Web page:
A draft recommendation from a federal task force says there’s not enough evidence to support universal checks — a position contrary to guidelines from other health associations and advocacy groups that urge early screening for all.
The difference in views comes amid a sharp rise in autism diagnoses. According to the most recent federal estimates, the disorder affects about 1 in 68 of the nation’s children.
“Early screening and early identification lead to early intervention,” said Shawn Henry, executive director of the Ohio Center for Autism and Low Incidence. “And we know that works.”
Henry and others say the recommendation, released this week and open for public comment until 8 p.m. on Aug. 31, is likely to draw strong reaction. The panel responsible for it, the U.S. Preventive Services Task Force, is influential.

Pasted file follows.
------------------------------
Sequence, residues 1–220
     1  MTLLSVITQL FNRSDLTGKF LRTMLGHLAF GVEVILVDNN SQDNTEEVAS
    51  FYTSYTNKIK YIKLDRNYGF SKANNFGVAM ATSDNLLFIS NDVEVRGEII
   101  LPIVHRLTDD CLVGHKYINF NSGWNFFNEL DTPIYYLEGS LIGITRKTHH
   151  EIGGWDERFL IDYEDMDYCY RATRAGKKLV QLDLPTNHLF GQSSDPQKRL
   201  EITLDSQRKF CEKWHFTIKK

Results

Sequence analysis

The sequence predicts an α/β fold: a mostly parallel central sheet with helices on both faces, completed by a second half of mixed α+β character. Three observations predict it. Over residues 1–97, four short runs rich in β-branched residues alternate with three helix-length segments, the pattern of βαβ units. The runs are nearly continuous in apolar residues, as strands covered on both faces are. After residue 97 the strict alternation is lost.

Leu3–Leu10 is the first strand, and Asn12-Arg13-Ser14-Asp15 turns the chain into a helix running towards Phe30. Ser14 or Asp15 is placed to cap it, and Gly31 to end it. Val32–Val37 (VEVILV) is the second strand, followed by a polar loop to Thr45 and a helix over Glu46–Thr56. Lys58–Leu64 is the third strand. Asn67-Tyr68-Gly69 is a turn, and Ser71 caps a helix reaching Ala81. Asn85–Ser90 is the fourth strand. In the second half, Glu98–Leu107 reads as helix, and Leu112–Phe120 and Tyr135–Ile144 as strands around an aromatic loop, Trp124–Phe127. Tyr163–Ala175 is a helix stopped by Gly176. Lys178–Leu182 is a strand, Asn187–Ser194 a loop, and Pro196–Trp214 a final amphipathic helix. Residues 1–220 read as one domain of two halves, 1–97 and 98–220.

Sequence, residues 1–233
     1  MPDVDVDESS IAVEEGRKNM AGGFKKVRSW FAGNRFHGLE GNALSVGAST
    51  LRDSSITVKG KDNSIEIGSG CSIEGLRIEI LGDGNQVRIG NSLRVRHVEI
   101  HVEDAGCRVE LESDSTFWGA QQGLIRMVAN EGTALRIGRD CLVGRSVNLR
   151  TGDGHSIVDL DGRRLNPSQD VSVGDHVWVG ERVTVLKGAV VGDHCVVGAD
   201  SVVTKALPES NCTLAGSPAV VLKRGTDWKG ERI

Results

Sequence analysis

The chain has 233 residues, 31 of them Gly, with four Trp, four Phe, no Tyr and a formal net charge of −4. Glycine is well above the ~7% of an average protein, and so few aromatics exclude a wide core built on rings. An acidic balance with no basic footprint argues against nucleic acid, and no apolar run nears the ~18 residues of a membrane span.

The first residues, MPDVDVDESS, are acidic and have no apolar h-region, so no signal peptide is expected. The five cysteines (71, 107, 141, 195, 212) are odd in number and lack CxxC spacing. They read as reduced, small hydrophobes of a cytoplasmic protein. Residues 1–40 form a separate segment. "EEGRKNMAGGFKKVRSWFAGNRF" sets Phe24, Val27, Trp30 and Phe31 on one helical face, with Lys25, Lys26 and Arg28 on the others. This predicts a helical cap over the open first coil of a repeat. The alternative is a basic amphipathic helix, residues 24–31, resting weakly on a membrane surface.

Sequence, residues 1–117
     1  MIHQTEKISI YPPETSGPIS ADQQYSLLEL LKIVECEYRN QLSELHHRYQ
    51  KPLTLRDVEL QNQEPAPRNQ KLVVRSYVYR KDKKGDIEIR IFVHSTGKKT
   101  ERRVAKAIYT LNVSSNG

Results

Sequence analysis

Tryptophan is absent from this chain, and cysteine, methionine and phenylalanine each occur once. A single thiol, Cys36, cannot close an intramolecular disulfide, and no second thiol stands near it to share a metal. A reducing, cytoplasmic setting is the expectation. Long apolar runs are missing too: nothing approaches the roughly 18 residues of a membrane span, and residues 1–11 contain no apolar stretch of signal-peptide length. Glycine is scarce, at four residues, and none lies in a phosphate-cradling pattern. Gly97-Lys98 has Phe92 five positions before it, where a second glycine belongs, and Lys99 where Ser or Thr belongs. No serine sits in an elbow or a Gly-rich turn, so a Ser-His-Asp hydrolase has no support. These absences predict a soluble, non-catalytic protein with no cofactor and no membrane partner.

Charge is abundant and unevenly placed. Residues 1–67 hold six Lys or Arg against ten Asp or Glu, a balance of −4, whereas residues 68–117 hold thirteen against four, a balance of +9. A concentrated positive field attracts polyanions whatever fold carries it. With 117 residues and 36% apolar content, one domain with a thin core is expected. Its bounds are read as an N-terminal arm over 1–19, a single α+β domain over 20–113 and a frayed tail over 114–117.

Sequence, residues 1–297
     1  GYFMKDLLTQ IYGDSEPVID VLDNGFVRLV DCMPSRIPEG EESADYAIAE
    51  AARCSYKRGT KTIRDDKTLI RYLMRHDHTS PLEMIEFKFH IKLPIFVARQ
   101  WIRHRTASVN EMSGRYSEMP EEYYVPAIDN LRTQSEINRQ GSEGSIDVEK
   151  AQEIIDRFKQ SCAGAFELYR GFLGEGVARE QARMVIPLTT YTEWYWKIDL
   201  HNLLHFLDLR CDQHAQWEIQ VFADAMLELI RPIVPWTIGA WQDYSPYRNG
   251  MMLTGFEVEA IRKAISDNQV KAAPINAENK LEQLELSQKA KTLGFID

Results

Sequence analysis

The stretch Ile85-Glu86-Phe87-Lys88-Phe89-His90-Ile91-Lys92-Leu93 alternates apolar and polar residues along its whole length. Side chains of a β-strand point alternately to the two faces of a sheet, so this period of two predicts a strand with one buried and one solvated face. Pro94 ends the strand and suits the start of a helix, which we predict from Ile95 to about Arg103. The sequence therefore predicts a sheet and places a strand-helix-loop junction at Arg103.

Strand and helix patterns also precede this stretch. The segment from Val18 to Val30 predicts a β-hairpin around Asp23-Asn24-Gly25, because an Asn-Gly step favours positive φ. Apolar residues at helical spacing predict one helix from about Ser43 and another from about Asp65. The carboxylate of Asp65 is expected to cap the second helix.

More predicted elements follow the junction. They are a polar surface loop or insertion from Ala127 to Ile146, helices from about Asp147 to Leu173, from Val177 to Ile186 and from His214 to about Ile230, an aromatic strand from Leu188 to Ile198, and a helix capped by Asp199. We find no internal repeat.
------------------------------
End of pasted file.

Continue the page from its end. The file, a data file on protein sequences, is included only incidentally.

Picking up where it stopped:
The American Academy of Pediatrics is sticking by its standards, which recommend screening for all children at ages 18 and 24 months. The academy’s president, Dr. Sandra Hassink, said early identification and referrals “are critical to ensuring that children with autism have access to effective therapies.”
Autism Speaks and the Autism Science Foundation, in a joint statement, called the draft proposal troubling and said it could be misinterpreted.
Though the task force does not explicitly discourage screening for autism, its proposal “has failed to fully endorse screening,” the groups said.
Sunday, August 9, 2015
Reaction to the Screening Recommendation
In The Politics of Autism, I discuss early screening. Rita Price reports at The Columbus Dispatch: